“What we’re seeing is there’s a lot of interest, especially among young people, in starting new business on the working waterfront,” said Afton Vigue, communications and outreach manager for the Maine Aquaculture Association, which spearheads the Maine Oyster Trail, a tourism initiative featuring an interactive online map and other key info about Maine oysters. “Aquaculture has given them the opportunity to develop innovative new sustainable businesses on the waterfront.

John Herrigel, founder and co-owner of Maine Oyster Co. in Portland and owner of Cape Small Oysters in Phippsburg, points out oyster farm locations on a map of operations along the coast. Derek Davis/Staff Photographer

Many millennials and older Gen Zers are looking for “green career opportunities,” Vigue continued. “Oyster farming appeals to them for that reason – it’s a sustainable living and a great way to produce food with a low impact,” she said. “And I think it’s also a very romantic way to live. A lot of people love the idea of working out on the water everyday, and not stuck at a desk all the time.”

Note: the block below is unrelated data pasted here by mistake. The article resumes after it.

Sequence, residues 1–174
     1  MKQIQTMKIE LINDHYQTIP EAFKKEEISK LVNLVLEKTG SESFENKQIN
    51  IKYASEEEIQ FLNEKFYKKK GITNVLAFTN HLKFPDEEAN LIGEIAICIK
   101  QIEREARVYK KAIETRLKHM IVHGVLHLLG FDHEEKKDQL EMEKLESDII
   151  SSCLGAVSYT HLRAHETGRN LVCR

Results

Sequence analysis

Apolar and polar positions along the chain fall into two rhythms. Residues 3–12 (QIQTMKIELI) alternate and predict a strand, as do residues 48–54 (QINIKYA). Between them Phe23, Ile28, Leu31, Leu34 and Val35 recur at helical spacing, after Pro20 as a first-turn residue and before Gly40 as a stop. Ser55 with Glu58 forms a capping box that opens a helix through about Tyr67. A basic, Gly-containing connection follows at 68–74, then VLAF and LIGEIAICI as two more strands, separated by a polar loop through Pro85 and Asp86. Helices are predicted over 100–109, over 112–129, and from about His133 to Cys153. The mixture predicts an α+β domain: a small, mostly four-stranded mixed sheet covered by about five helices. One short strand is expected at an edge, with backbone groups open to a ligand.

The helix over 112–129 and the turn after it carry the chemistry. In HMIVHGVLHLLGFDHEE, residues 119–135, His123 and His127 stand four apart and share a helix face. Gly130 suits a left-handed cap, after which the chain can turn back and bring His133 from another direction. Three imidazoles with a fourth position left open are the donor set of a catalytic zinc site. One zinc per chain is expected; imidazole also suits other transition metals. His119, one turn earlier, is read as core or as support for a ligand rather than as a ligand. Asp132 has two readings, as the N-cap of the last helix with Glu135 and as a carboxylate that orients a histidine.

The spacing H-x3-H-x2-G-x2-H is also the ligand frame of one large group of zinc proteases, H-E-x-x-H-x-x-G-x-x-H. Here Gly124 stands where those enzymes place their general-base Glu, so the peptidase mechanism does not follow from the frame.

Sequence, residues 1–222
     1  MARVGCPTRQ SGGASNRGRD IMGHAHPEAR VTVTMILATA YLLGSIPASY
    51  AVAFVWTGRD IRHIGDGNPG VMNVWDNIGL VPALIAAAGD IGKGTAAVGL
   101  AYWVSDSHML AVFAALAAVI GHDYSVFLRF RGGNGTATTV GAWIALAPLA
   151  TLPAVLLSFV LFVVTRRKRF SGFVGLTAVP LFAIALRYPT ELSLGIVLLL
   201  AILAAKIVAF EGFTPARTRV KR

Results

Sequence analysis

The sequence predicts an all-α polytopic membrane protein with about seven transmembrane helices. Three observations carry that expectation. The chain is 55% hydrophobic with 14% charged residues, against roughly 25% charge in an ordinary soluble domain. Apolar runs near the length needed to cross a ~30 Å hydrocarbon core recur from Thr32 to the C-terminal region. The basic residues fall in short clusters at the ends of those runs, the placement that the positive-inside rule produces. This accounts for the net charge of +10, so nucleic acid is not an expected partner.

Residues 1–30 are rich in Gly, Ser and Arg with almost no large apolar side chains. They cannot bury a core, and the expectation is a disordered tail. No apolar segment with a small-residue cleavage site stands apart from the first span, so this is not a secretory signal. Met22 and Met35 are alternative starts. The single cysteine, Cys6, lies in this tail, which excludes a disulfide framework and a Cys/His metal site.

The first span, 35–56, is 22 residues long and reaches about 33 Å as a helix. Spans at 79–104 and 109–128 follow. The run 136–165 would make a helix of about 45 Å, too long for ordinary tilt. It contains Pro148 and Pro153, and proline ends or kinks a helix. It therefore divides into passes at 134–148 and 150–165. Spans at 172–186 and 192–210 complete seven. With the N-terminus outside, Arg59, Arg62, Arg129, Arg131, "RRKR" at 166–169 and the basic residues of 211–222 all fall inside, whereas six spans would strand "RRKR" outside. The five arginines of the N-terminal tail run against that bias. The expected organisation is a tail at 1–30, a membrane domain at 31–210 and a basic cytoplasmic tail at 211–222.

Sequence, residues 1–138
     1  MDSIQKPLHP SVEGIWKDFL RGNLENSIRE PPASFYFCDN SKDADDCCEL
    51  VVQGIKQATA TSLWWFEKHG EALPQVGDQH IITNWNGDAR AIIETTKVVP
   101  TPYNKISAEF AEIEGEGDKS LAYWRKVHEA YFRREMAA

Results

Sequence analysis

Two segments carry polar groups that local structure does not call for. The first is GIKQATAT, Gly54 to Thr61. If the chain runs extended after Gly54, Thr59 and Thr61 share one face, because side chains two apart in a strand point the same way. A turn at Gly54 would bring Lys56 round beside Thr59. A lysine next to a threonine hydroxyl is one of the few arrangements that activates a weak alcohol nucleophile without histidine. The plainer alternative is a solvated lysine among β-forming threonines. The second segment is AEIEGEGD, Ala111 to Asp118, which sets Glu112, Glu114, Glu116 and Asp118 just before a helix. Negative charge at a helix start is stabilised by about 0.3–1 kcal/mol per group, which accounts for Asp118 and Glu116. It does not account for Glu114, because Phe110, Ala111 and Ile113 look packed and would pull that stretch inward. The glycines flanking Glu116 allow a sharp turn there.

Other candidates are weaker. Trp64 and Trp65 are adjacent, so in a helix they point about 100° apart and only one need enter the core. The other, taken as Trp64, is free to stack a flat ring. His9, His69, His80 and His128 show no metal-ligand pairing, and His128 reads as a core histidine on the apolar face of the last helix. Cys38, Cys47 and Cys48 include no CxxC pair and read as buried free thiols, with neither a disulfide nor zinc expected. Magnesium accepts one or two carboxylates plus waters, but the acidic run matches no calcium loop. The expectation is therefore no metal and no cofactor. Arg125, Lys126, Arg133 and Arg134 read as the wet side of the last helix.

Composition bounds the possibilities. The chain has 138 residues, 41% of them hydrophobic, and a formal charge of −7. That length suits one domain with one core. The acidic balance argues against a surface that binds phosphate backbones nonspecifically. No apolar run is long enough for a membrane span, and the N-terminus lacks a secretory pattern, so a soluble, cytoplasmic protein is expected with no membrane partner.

Herrigel said the excitement Maine’s oyster farmers have for their work helps draw newcomers.

“That’s what makes the industry so fun,” he said. “You’re not defaulting to it, you’re doing it because you love the ocean, you love Maine, you love being part of a cool thing and you’re entrepreneurial.”

Herrigel also said, from a financial standpoint, the barriers to entry are low for a small-scale oyster farm.

“You don’t need a lot of capital, you just need the ability to use a boat and have access (to the water),” he said, estimating that a small farm could launch with just $2,500 to cover the costs of baby oysters to seed the farm, equipment and licensing. “A small farm is a legitimate side hustle for about half the farms in Maine.”